Recent outbreaks of measles has put the issue of vaccinations back in the news. Those measles outbreaks are happening in populations where parents are allowed to opt out of immunizing their children. You might think that after you run a course of vaccinations as a kid that you’re done. Actually, there are several vital vaccinations that adults should consider. Are you up to date on all your shots?

Tdap Vaccine

The Tdap is for tetanus. That is often an issue when you get a deep cut that requires stitches. However, this vaccination also protects against diphtheria and whooping cough. That is why it is recommended for pregnant woman when they reach 27 weeks. It can go a long way to protect their babies. That’s because babies can’t be immunized but the antibodies in the vaccine can be passed to the babies in the womb. The Tdap is good for up to 10 years and should be renewed.

Shingles Vaccine

Shingles shows up as a blistering rash and can be extremely painful. It is also an ailment that can stick around for months. This risk of contracting this ailment rises with age. Anyone over 50 should consider getting the vaccination as it has been shown to be 90% effective with preventing shingles. Note that you’ll need two shots, six months apart so plan accordingly.

Pneumococcal Vaccine

Pneumonia can prove to be extremely dangerous to seniors. Many aren’t even aware there is a vaccination against this common illness. In fact, there are two vaccines that target different strains of pneumonia. The CDC suggests that this might also be a helpful vaccination for young adults who are dealing with diabetes or heart disease. You definitely want to avoid catching pneumonia, which can complicate those ailments.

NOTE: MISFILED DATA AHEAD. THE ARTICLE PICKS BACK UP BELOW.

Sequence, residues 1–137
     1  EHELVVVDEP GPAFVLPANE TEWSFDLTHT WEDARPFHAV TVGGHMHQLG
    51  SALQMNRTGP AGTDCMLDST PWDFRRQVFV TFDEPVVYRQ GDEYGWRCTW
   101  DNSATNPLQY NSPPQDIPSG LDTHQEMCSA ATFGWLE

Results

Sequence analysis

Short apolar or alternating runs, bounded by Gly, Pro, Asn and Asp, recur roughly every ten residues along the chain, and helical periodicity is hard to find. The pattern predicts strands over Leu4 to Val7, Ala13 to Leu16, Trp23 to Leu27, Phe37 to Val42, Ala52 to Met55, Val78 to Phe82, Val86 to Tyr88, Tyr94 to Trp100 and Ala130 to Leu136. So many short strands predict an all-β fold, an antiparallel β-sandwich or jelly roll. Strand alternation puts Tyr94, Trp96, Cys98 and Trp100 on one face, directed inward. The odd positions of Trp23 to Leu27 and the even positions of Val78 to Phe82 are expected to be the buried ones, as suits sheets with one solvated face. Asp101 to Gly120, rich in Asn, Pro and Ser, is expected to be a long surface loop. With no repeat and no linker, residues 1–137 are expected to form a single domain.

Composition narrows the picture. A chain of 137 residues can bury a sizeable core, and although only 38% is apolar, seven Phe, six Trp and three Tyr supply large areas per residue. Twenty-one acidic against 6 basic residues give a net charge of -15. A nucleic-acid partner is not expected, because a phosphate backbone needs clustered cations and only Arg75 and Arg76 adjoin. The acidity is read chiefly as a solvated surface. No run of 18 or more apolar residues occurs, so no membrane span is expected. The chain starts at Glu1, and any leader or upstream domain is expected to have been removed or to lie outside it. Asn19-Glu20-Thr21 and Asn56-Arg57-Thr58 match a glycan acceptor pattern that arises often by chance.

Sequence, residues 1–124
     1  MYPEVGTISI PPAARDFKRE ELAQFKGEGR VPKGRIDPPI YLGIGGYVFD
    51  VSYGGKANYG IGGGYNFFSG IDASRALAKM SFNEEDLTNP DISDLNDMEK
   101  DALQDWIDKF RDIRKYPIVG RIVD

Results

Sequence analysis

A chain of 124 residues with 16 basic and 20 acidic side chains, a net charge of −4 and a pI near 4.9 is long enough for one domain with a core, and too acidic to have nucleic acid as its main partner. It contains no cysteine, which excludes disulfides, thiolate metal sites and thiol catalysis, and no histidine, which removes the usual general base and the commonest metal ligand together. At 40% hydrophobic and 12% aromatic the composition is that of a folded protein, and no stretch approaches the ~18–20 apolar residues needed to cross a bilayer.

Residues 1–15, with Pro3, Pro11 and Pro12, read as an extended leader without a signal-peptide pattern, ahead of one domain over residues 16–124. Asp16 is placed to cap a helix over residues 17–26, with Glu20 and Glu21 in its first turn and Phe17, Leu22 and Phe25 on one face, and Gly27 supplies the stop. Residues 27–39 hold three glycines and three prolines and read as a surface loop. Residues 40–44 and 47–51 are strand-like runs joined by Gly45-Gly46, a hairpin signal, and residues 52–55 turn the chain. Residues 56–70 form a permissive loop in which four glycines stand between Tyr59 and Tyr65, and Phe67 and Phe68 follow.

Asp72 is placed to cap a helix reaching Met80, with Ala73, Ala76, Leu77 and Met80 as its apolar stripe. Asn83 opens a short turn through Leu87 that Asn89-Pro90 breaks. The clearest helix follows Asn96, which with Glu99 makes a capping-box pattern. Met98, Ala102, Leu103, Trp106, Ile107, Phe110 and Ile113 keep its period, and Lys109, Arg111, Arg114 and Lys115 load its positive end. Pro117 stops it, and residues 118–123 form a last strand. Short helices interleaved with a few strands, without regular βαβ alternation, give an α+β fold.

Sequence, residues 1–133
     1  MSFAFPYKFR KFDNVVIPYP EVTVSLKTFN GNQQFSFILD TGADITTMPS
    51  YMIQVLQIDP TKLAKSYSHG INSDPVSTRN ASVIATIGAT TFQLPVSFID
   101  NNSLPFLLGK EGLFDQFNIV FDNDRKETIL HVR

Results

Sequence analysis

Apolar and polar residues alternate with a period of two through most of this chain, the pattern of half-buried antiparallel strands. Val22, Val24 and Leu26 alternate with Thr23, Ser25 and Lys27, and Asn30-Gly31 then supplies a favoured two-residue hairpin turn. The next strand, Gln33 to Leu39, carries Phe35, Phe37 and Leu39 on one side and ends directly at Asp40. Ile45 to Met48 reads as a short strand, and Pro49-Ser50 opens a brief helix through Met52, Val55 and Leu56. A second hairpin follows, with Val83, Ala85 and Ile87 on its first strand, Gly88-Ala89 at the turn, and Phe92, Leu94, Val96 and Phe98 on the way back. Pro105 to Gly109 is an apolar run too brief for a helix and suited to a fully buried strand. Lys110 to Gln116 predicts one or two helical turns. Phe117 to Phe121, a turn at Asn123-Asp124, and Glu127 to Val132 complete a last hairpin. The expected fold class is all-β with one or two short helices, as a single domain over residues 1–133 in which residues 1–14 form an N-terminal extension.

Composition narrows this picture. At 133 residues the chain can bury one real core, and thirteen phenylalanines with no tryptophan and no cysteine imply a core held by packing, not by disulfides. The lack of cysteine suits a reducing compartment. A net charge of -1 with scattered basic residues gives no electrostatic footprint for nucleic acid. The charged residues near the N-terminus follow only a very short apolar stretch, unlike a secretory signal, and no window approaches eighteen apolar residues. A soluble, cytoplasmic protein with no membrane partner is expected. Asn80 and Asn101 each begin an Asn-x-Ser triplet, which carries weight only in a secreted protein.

Flu Vaccine

The flu vaccine is probable the most common vaccine for adults and one that is readily available on a seasonal basis. Why is the flu shot so important? Last year, the flu put 900,000 people in the hospital and resulted in the deaths of 80,000. Each year, the flu adapts and changes, which is why there are updates to the flu shot for every new season. It takes up to 2 weeks for it to be effective so the earlier you can take the shot the better off you’ll be.

Travel Vaccines

There are certain travel zones that require immunization. You can find out if your destination will require a shot by checking with the Center for Disease Control.

It might be worth scheduling an appointment with your doctor today to get caught up on all your shots.